Regional Reviews: San Francisco/North Bay
Their most recent show to visit the Bay Area, Kooza, is currently playing in parking lot A behind Oracle Park, and moves on to the Santa Clara County Fairgrounds in April. As with all of the ten or so Cirque shows I've had the pleasure to experience, this one combines thrills, humor, gasp-inducing stunts, live music, color, and light–and blends it all into an evening in which the entertainment never lets up.
The story that threads through Kooza is–as in most Cirque shows–simple, and told through iconography, symbolism, movement and mime. Here, a naïf (identified by Cirque as "The Innocent," and performed by Cédric Bélisle) is flying a kite when he is interrupted by a delivery person on an adult-size tricycle, leaving behind a box. (But only after demanding The Innocent sign for the package–via a multi-page form that put me in mind of all the "terms and conditions" documents I have clicked "OK" on without ever reading.) When the box is opened, The Innocent is seemingly transported into another realm, and treated to a spectacle of joy and wonder that he gets to control through the use of a wand that controls lights and sound and summons performers to the stage.
The iconography continues with other characters in the show: the King (Jesse Buck), who is obsessed with his crown as a symbol of his power and functions as his own court jester; the Trickster (Joey Vice); and an array of clowns who serve as bringers of chaos.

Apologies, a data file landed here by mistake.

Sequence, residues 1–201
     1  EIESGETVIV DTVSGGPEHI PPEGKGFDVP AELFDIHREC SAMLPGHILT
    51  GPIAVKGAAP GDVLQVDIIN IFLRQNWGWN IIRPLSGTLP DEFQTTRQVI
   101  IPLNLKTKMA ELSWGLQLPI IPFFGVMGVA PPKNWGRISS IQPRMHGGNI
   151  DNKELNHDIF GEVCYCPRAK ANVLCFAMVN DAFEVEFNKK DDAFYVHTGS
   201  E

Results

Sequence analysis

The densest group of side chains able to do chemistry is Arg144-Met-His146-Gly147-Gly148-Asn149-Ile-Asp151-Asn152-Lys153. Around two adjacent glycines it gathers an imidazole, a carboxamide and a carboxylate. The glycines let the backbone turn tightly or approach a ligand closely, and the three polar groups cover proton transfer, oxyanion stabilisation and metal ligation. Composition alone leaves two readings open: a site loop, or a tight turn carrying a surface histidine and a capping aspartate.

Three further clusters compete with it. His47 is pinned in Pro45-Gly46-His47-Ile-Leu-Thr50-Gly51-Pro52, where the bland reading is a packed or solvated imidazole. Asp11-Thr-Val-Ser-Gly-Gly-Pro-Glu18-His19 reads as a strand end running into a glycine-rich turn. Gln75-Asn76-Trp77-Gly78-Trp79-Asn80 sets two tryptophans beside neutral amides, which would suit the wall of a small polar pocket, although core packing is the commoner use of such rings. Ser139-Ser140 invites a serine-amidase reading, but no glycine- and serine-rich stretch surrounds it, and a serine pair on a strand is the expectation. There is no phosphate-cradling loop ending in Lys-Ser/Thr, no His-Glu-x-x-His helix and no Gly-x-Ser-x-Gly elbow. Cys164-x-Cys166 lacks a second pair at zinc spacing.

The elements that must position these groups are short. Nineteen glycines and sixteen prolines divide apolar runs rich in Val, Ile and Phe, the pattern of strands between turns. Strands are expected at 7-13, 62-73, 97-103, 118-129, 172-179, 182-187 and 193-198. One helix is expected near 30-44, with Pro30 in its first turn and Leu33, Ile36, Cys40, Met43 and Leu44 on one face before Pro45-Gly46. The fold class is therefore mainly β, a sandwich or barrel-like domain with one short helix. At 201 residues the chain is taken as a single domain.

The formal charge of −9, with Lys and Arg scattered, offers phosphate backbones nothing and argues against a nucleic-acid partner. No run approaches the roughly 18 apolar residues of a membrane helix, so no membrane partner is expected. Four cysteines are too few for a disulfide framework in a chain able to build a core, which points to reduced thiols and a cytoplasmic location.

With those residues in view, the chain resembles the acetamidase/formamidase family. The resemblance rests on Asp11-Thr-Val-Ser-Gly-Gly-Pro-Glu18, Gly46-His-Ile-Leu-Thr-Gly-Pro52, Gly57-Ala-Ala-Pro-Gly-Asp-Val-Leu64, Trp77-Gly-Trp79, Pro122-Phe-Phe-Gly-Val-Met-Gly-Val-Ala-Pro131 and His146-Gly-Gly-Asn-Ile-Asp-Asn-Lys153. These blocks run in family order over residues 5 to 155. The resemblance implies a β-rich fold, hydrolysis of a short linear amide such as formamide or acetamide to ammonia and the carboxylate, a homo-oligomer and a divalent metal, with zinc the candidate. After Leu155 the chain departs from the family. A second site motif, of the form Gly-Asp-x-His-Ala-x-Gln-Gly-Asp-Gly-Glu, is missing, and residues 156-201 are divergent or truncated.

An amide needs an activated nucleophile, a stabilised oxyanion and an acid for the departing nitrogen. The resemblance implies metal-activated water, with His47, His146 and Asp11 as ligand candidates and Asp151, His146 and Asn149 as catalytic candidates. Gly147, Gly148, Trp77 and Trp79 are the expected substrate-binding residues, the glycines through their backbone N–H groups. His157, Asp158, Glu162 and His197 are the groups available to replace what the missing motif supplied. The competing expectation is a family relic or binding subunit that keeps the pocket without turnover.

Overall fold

Some of the circus skills on display are of the sort you might see in any circus–wire walkers, contortionists, aerial silks, acrobats propelled into the air via a teeterboard–but it's unlikely you will ever see them performed with such skill, daring, amplitude or imagination. Then there are elements and apparatus unique to Cirque du Soleil, like the "Wheel of Death," on which daring Colombian performers (Jimmy Ibarra Zapata and Angelo Lyezkysky Rodriguez) ride what are basically two large hamster wheels at either end of a large rotating structure. They do so with such grace and courage that had the entire audience gasping in wonder and cheering with delight.
In the new world to which The Innocent has been transported, the ordinary laws of physics don't seem to apply–at least not given what we are treated to on, and above, the stage. It's rather like a smartphone game–there always seems to be one more level the performers achieve. In Cirque, it's not enough to merely ride a unicycle; here, Dmytro Dudnyk brings another performer along for the ride, spinning her around his waist while riding, and even balancing her on his head. It's not enough to walk across a wire strung 30 or so feet above the stage; you have to ride a bicycle linked to another bicycle, with another acrobat balancing on a chair that is itself balanced on a dowel between both bikes that is not much thicker than a broomstick.
If you go–and I strongly encourage you do, as we can all use a little more wonder and awe, I think–make sure you arrive early enough to enjoy the clowns working the stage before the show, and messing with some of the patrons. These performers are doing some of the most skilled clowning you are likely to find on any stage anywhere. In fact, you're unlikely to find anything resembling Kooza, except in the dozen or so other Cirque shows currently installed in Las Vegas (and other locations), or touring the world.
Kooza runs through March 17, 2024, in the Big Top set up in Lot A behind Oracle Park, and from April 18-May 19 the Big Top will be raised on the grounds of the Santa Clara County Fairgrounds in San Jose. Tickets are $39-$349. For tickets and information, please visit CirqueDuSoleil.com/Kooza.